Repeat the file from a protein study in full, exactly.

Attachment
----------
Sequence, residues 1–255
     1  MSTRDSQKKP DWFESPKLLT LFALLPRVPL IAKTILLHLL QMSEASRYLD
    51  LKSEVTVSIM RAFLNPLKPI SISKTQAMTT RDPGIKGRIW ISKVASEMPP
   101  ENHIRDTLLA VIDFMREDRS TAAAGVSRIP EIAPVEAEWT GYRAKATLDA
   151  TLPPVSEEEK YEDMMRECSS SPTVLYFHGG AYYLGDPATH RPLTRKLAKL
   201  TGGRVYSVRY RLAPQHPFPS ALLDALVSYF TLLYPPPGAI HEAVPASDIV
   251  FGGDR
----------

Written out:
Sequence, residues 1–255
     1  MSTRDSQKKP DWFESPKLLT LFALLPRVPL IAKTILLHLL QMSEASRYLD
    51  LKSEVTVSIM RAFLNPLKPI SISKTQAMTT RDPGIKGRIW ISKVASEMPP
   101  ENHIRDTLLA VIDFMREDRS TAAAGVSRIP EIAPVEAEWT GYRAKATLDA
   151  TLPPVSEEEK YEDMMRECSS SPTVLYFHGG AYYLGDPATH RPLTRKLAKL
   201  TGGRVYSVRY RLAPQHPFPS ALLDALVSYF TLLYPPPGAI HEAVPASDIV
   251  FGGDR